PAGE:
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Quality tenants are gold for property investors. Here’s how your property manager will ensure you don’t get stuck with a dud.

A reliable tenant will make owning an investment property a breeze. They pay their rent on time, every time and care for you property like you would yourself. But get stuck with a tenant who consistently makes late rent payments, trashes your property and annoys the neighbours and your investment journey will quickly turn into a nightmare.

That’s where your property manager comes in. They know how to attract quality tenants and assess applications to reveal the people you want living in your property. Here’s how they do it…

  • First impressions
    Property managers like to meet potential tenants in person and many use the open house as the first opportunity to assess them. How they present and conduct themselves are the first signals as to whether they will be quality tenant or not.
  • Ability to pay rent
    Of course, you only want to rent to people who are capable of paying the rent you charge. As part of the application process, your property manager will ask the potential tenant to provide proof of income to ensure they won’t have an issue making rent payments.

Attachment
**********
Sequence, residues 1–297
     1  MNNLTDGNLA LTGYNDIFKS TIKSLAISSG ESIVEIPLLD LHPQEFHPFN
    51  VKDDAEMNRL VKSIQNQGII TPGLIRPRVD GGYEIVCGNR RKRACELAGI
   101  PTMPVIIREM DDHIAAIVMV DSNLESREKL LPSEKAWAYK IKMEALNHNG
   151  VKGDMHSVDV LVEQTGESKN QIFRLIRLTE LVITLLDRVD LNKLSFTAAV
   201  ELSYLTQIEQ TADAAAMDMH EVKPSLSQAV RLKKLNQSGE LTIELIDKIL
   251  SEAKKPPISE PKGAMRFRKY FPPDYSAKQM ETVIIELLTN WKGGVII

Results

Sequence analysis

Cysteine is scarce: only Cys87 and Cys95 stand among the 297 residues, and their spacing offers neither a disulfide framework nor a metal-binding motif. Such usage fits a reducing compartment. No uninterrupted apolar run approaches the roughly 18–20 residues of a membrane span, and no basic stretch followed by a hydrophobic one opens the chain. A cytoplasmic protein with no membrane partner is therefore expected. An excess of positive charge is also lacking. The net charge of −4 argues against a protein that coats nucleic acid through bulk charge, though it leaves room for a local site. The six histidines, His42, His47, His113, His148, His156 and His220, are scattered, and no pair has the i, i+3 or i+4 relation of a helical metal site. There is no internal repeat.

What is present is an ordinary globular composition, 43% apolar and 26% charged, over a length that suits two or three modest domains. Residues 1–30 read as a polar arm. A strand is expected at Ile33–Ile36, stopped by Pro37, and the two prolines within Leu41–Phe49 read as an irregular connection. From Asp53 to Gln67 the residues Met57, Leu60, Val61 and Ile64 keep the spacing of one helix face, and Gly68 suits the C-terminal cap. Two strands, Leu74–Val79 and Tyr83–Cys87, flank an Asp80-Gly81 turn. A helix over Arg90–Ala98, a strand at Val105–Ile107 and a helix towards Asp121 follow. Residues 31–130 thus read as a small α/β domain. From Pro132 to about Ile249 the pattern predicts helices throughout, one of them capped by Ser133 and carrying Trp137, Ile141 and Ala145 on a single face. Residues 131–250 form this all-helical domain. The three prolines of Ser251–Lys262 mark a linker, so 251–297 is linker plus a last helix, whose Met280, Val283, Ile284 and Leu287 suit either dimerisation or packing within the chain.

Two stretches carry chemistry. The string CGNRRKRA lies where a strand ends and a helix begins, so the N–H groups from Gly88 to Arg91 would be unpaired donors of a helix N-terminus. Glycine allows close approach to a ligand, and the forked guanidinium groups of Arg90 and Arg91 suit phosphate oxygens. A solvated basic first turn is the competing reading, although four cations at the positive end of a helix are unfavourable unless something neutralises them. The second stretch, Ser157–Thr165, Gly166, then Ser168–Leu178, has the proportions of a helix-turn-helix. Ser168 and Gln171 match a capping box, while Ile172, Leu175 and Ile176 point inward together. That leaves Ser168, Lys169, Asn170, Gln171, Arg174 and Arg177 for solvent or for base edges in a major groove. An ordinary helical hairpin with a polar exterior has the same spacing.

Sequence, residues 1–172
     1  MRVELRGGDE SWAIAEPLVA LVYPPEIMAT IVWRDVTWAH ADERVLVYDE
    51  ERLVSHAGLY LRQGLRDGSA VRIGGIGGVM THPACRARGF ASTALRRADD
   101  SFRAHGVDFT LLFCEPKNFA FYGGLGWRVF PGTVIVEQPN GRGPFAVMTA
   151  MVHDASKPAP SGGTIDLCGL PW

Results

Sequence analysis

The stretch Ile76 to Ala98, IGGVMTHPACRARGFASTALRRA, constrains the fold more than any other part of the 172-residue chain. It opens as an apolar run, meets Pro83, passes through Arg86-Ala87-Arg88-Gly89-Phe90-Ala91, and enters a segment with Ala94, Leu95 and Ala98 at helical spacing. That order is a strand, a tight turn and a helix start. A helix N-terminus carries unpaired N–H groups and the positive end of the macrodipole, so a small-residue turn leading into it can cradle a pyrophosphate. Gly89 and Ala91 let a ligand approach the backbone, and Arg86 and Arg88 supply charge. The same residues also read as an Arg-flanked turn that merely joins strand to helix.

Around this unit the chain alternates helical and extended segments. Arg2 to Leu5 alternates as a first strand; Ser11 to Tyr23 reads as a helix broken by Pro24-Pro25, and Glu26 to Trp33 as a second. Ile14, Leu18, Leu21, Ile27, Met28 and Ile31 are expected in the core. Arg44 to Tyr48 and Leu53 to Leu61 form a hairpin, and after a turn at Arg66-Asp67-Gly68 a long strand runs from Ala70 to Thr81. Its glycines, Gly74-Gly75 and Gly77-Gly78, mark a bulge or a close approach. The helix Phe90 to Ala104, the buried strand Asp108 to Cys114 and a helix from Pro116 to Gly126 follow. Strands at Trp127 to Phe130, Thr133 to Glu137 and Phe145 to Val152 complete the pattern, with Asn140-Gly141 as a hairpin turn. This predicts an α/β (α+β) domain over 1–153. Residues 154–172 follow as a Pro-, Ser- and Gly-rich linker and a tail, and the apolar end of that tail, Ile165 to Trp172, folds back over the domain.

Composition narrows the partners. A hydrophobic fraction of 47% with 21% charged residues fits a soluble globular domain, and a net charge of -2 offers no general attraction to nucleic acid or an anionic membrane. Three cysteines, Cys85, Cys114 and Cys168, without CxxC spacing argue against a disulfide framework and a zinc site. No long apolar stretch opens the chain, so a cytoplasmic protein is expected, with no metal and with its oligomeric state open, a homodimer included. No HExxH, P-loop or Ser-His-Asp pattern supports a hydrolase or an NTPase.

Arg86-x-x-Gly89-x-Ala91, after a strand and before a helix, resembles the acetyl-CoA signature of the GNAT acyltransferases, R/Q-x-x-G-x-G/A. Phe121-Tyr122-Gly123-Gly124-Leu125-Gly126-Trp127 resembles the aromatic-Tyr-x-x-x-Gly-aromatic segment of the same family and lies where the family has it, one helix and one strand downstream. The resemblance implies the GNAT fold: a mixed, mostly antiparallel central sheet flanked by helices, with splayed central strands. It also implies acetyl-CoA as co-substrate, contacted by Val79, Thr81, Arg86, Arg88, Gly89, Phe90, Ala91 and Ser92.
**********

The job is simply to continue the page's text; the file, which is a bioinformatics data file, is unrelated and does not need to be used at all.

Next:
• Rental history
    Looking at the past behaviour of a tenant is the best way to predict their future behaviour. Your property manager has access to a tenancy database that will list any past rental infringements they’ve committed while renting other properties.
  • Extra inclusions
    Some potential tenants will go the extra mile when submitting rental applications and include additional materials such as references or letters that back up their standing as a quality tenant. These all help to paint a picture of the tenant in question.
  • Providing ID
    Applicants must provide 100 points of ID with their rental applications. Your property manager will keep a close eye on those who fail to do this. If they have to chase them to provide the sufficient ID, it could be a signal that they are unreliable.



The following advice is of a general nature and intended as an opinion and broad guide. For all legal, financial or real estate advice you should obtain independent professional advice to do with the specific nature of your circumstances before making any legal, financial or real estate decisions.

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